• Also unlike club teams in other sports, professional soccer teams play in many different competitions simultaneously, often against club teams from other leagues. These tournaments provide another exciting opportunity to watch extremely good soccer. The most prestigious of all inter-league tournaments is the european Champions League which pits the best teams from each of Europe’s many soccer leagues against one another. North America (plus Central America and the Caribbean) has its own version of this called the CONCACAF Champions League. Teams from every league in the United States play against each other in the U.S. Open Cup. As you can tell, there’s a wide array of competitions to track.
  • Even without the World Cup, there is a lot going on in international soccer if you want to focus on that. The U.S. men’s national team is playing in the Gold Cup right now. The Gold Cup is held every other year and is a World Cup-like tournament between only the teams in North America, Central America, and the Caribbean. Next year, the Summer Olympics will have their own soccer competition. Soccer at the Olympics are a funny proposition because they are almost as important as the World Cup to women’s soccer but they’ve never been seen as important in men’s soccer. Either as a result or as a cause, men’s olympic teams are restricted. All but three players on each team must be under 23 years old. The most important international men’s soccer tournament in 2016 will be the European Championships. The Euros, as they’re called, are a 24 team tournament that also closely resembles the World Cup, just with only teams from Europe. Some people argue that because of the depth of European soccer and the geographic requirements that the World Cup have to ensure representation from all over, the Euros are actually a more competitive tournament. They’re definitely fun to watch.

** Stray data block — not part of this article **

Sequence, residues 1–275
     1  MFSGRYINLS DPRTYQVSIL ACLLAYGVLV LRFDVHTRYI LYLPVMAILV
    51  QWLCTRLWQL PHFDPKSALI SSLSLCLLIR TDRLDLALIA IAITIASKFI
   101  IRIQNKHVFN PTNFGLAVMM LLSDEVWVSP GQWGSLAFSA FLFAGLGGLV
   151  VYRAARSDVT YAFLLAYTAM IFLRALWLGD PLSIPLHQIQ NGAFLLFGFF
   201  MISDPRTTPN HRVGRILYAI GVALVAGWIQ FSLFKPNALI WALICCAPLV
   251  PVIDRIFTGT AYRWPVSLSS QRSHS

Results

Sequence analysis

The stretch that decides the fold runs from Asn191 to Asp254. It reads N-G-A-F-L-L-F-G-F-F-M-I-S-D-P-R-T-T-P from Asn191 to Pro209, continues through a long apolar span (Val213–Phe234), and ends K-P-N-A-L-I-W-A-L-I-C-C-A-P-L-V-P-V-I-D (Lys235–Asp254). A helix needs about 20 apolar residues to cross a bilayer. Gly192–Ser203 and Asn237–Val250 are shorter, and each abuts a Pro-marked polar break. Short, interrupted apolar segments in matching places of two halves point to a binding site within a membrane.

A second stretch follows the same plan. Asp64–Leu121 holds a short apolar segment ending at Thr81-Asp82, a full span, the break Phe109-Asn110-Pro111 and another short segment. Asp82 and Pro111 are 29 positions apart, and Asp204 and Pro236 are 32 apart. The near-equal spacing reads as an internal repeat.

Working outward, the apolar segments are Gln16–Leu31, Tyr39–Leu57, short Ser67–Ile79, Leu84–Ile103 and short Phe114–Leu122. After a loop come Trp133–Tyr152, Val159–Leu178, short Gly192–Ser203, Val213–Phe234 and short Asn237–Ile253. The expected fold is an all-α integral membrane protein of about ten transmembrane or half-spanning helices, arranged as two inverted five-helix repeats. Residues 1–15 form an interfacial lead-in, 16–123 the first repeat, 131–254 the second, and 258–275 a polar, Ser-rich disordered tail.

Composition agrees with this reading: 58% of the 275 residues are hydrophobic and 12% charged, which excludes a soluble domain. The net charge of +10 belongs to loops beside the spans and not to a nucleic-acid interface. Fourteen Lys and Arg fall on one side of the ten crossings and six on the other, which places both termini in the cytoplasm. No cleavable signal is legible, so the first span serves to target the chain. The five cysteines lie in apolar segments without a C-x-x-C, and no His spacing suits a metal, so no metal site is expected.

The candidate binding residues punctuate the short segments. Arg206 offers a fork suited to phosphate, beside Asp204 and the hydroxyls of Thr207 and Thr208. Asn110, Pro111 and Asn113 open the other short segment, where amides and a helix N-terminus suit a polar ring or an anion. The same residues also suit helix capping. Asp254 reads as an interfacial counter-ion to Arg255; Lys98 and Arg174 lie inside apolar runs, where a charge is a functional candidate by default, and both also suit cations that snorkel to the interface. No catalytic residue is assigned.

As you can tell, there’s always something to follow in the world of soccer! Apps like FotMob, which provide news and schedules for virtually every league and competition in the world are great resources to have. Twitter is another great resource for following soccer. I would start by following Grant Wahl, a leading U.S. soccer reporter who works for Sports Illustrated. He maintains lists of other people in the soccer world to follow for breaking news, as well as the men’s and women’s World Cup. Poke around in his lists and you’ll find some great soccer people.

Thanks and good luck,
Ezra Fischer


2014 Major League Soccer Cup preview

This Sunday is not just Week 14 of the NFL season and the first weekend of many people’s fantasy football playoffs, it’s also the day of the Major League Soccer championship game. The 2014 MLS Cup will be held in Carson, California, at the StubHub Center at 3 p.m. ET. The game between the Los Angeles Galaxy and the New England Revolution will be televised live on ESPN. It will be viewed by a sold-out crowd of 27,000 and a few hundred thousand soccer fans on TV. Any single elimination championship game is compelling but this game is even more interesting than most. Coverage of the game is split between those looking at the game as a small lens through which to view the larger story of Major League Soccer and United States soccer in general and those who are focusing on the game as a culmination of months or years of effort. We’ll do a little of both in our preview here, starting with the macro view and then zooming into the micro.